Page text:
Eleven years after buying the downtown St. Petersburg shopping block now known as Sundial, Bill Edwards is ready to sell.
The developer has reached a deal to sell the former BayWalk complex on the 100 block of Second Ave. N in mid-February, according to documents filed with the city. The buyer is a limited liability corporation tied to Paradise Ventures, a developer based in Safety Harbor.
The City Council on Feb. 10 will discuss transferring the city’s parking contract with Sundial’s current owners to the buyers.
The purchase price is $27.5 million, said Paradise vice president and chief financial officer Chuck Ernst.
“Especially with all the residential growth, it has the ability to be a major retail and social hub for the downtown area,” Ernst said. “You don’t have any real central area right now. Everybody either migrates up and down Beach Drive or the various parts of Central, the Warehouse District, the Edge District. This has got the opportunity to be a major attraction area.”
The deal has been in the works since October, Ernst said. Edwards did not immediately return calls Tuesday morning.
Built in 2000, BayWalk was a hub of nightlife and activity in a downtown that at the time lacked it, with shops, restaurants and a movie theater drawing crowds every weekend. But the property struggled in the late 2000s, leading Edwards to purchase it for $5.2 million in 2011. He invested between $30 million and $40 million in remaking it — about what it cost to build in the first place — and added upscale restaurants like Ruth’s Chris and the gourmet grocery Locale Market.
Locale closed in 2019 to make way for a food hall from the developers of Tampa’s Armature Works. That project never materialized, leading to a lawsuit from Edwards and the developers filing for Chapter 7 bankruptcy last fall.
“The mall that I purchased was blighted,” Edwards said in a 2020 statement about the lawsuit. “The Sundial today is a focal point for our community, it has given me great pride and happiness, and a sense of accomplishment. So I see it as a tragedy that one third of the Sundial is and remains vacant for reasons that have been beyond my control.”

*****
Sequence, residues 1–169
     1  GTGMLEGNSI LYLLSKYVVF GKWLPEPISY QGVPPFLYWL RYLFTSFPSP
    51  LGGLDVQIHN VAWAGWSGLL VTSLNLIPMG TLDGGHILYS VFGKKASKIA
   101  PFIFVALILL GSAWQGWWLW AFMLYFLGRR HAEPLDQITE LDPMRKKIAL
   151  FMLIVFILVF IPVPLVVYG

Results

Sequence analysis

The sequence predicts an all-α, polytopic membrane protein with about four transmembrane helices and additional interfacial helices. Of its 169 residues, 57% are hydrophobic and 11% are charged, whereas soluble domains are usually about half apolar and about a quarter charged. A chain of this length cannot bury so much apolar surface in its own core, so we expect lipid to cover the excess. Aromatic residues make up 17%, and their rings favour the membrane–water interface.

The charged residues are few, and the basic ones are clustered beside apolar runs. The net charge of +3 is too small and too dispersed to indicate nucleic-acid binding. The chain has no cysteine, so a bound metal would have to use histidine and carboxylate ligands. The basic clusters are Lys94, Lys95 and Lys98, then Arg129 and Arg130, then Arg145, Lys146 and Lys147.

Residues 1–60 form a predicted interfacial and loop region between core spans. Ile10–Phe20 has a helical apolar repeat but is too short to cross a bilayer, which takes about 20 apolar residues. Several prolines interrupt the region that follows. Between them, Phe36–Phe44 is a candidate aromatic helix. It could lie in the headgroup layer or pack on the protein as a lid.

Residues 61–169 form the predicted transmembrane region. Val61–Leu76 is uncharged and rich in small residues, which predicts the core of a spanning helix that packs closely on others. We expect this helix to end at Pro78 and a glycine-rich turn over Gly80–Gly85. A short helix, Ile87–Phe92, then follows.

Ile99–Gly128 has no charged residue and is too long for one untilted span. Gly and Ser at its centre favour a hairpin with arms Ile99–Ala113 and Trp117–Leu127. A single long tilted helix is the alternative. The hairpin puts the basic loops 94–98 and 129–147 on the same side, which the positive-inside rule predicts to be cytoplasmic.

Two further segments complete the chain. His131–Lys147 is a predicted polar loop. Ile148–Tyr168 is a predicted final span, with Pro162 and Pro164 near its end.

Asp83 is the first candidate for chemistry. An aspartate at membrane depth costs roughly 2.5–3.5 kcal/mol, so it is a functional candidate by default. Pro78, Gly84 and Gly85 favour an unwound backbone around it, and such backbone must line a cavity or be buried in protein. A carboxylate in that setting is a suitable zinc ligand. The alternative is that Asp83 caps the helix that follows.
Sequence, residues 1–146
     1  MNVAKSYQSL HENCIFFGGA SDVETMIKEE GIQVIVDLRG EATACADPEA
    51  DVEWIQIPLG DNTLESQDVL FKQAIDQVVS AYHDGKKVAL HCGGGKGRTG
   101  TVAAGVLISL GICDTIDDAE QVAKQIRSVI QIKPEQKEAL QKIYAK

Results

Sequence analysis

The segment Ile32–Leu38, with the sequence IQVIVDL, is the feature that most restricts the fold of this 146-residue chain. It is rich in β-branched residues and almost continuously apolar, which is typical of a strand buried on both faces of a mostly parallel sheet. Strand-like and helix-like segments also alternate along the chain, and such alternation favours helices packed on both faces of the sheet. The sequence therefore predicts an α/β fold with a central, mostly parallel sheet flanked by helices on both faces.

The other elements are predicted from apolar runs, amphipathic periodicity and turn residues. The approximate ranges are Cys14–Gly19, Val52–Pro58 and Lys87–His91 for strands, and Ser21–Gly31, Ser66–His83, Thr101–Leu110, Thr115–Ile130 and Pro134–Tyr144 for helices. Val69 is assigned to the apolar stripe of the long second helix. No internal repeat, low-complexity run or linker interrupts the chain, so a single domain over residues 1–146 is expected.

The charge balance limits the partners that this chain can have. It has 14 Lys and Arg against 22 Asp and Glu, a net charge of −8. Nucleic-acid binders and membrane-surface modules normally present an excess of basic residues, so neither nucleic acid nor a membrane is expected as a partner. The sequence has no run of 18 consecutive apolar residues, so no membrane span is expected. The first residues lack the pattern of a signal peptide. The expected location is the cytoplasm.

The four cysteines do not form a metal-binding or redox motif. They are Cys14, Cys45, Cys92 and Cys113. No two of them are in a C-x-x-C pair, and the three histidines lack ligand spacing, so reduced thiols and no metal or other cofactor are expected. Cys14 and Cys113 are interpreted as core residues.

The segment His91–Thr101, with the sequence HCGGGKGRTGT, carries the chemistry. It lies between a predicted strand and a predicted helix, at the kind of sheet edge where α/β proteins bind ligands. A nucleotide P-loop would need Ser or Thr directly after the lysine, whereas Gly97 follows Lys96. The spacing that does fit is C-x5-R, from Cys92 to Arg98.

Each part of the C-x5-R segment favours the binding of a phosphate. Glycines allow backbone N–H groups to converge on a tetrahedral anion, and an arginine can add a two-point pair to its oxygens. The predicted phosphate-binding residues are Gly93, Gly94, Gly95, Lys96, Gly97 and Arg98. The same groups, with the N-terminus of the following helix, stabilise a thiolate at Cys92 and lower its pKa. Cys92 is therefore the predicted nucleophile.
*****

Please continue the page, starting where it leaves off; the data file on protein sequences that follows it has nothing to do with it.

Just before the pandemic, Edwards announced plans for a co-working space at Sundial. That didn’t materialize, either. Ernst said it’s still a possibility, but they may also now market that space for a single tenant instead.
Ernst said they’ve already been in discussions with new potential retailers, including a fitness group. He doesn’t anticipate vertical expansion in the near term, but said “there’s a future upside for that down the road.”
“There was a lot of upside in changing the property and repositioning it, especially with all the residential growth in the market,” he said. “We’re out looking for different components to look in there and make it a high-traffic destination again.”
Paradise Ventures’ other local projects include a seven-story parking garage in Clearwater Beach and Tampa’s Shoppes at South Dale shopping center, home to a Crunch Fitness and other properties.
Ernst said it will likely be six months or so before locals start noticing changes at Sundial.
“Bill kept it in excellent shape,” he said. “We’ve got a lot of people we’re talking to and a lot of balls in the air. Once we start figuring out how we’re putting all those pieces together and what the best mix is, you’ll start seeing a lot more activity.”
This is a developing story and will be updated.